Select Committee on Science and Technology Minutes of Evidence

Examination of Witnesses (Questions 120 - 139)



  Q120  Bob Spink: I am sorry, the first phase of the registration is . . . Oh, yes: within three years, both categories.

  Dr Delbeke: Right. Of course we cannot do everything at once. We have to start somewhere. Starting, where we have the separate registration, on what is clearly having a problem under evaluation, authorisation and the restrictions, there we have a clear prioritisation according to what is a priority based on the evidence we have on the table. On the registration: bulky substances and those which happen not yet to be registered when it comes to the CMRs.

  Q121  Bob Spink: Of course the industry would prefer to look at real risk, based on both the risk and the exposure, rather than just theoretical intrinsic hazard, which is the way that you have structured the legislation. The Americans seem to have gone down just identifying real risk and controlling that system. Do you think you have got it right and the Americans have got it wrong?

  Dr Delbeke: I think we all have to sort out how we address things. I think that the regulation approach may be somewhat different. But I would make one point on this: if it is true—and nobody has debated that so far—that for tens of thousands of substances we[7] do not have evidence that is publicly known by the public authorities or by the wider public, I think that then we have to start asking the companies who have this information to share it with us[8]. And that is the registration. That is the heart of the debate, that we can only make our judgment about what is really problematic and what is not once we[9] have the information. So far, on most of the substances we do not have the information, so the comprehensive information-gathering exercise is the start of the whole thing. We have difficulties to see how you can already legislate all things before we have all the information. So, once we have the information, we can move forward. Having said that, on the substances where we know already today there are problems, we are having in place a system where we have already restrictions and we have labelling requirements on the product, et cetera, but basically we have to know first before we can go forward in dealing with the substance.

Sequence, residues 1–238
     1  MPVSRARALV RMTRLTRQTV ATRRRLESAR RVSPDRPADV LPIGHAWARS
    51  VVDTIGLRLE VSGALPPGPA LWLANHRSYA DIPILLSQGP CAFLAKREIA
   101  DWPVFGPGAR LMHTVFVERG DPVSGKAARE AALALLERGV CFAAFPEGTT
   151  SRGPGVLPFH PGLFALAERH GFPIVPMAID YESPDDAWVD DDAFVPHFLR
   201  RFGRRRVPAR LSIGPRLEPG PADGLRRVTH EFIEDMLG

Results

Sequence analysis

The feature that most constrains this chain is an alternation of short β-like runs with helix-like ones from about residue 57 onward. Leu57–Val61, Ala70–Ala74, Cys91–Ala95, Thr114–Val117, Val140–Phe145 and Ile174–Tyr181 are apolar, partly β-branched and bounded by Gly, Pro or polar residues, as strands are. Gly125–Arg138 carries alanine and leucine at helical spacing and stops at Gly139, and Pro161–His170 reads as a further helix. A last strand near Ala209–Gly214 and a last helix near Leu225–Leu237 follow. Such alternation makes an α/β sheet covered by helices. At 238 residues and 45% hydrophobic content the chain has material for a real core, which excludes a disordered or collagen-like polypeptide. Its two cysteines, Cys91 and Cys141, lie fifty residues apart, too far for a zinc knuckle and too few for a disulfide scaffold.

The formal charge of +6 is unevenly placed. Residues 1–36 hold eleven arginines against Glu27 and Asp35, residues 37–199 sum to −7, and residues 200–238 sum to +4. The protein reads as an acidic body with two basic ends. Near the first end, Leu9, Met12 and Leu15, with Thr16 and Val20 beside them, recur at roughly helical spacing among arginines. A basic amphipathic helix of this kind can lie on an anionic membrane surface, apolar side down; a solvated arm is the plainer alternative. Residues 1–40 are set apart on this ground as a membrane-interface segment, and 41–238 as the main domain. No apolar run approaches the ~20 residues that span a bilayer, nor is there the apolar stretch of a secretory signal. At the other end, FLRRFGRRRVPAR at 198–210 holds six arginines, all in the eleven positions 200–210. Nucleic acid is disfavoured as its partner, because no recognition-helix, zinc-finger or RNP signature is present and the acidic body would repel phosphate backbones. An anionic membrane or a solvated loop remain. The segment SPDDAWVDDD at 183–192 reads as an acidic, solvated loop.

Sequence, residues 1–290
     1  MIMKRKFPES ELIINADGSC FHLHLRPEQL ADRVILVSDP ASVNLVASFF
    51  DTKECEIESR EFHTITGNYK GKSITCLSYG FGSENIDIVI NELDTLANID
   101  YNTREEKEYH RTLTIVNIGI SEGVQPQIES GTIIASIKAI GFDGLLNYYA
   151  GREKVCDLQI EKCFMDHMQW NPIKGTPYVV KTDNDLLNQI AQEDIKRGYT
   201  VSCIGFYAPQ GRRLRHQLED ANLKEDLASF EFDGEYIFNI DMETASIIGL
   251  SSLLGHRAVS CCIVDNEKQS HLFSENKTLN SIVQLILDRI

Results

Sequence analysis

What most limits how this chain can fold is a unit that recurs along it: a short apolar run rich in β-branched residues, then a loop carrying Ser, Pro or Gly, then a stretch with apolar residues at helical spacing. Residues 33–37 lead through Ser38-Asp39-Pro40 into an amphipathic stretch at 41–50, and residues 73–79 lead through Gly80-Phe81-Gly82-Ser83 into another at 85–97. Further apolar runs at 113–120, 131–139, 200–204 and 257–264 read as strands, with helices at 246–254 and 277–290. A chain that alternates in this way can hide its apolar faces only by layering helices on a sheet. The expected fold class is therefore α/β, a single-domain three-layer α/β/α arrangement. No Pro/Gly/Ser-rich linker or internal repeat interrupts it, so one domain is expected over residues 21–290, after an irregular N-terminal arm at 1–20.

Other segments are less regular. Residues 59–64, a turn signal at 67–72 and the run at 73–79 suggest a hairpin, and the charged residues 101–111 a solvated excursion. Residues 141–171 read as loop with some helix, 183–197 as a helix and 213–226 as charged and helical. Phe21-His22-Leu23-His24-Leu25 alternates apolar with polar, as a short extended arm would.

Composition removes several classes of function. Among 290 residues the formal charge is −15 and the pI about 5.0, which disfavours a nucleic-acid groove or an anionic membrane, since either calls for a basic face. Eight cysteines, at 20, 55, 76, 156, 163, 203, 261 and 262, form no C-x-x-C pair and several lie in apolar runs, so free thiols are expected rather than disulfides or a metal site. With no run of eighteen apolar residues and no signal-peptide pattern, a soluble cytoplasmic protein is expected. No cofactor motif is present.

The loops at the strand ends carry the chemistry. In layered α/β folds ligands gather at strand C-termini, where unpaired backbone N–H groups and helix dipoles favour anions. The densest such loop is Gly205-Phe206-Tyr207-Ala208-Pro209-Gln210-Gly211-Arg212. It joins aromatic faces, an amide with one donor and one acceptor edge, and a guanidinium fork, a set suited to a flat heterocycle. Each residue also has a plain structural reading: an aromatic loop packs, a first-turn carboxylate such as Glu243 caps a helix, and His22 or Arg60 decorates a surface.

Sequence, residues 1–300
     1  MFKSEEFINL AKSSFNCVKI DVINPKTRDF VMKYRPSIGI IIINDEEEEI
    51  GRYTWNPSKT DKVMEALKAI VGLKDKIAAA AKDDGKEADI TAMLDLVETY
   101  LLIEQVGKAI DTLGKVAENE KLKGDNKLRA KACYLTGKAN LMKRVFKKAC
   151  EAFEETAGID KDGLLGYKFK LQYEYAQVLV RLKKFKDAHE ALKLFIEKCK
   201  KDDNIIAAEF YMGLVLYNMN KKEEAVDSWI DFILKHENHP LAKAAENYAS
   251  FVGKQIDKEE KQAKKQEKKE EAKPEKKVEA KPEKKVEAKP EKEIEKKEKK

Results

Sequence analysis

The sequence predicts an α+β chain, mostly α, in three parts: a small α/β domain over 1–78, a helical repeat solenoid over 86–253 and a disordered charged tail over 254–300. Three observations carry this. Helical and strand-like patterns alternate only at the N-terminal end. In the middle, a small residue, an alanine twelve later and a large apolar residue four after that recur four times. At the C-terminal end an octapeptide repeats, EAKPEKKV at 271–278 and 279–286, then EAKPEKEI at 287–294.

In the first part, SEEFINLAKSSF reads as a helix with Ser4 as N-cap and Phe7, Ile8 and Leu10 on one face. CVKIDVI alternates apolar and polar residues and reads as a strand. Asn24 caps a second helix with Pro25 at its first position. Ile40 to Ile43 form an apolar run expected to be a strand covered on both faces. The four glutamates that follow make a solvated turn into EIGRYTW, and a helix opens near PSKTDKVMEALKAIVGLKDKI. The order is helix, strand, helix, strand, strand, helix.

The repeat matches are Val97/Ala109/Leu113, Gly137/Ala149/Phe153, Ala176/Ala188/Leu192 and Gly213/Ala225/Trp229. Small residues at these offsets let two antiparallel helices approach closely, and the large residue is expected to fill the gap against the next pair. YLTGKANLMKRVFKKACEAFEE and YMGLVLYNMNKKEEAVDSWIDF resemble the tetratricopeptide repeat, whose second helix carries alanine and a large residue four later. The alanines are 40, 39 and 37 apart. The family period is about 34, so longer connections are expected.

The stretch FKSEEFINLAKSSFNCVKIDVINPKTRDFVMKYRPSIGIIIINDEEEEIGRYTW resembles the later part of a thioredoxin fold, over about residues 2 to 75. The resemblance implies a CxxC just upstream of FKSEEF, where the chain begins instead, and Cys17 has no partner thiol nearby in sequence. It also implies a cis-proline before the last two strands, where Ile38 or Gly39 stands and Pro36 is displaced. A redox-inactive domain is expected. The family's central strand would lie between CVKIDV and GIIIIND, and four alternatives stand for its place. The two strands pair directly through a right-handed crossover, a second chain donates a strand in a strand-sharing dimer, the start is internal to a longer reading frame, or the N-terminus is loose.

Q122  Bob Spink: Moving on to the environment, the chemicals industry's role in solving environmental problems, would you just say a very brief sentence about your perception of that?

  Dr Delbeke: On some issues the chemicals industry is doing great. When it comes to waste and water, clean-up investments that had to be done, they are doing great. I know that the expenditure being done in the chemical sector on some well-known environmental problems is substantive, and we do not play that down. We know that emissions of CO2, the greenhouse gas emissions, have gone down significantly, with tens of percentages over the last decade. I hope there is no impression as if the environmental equation of this debate is playing the importance of that down.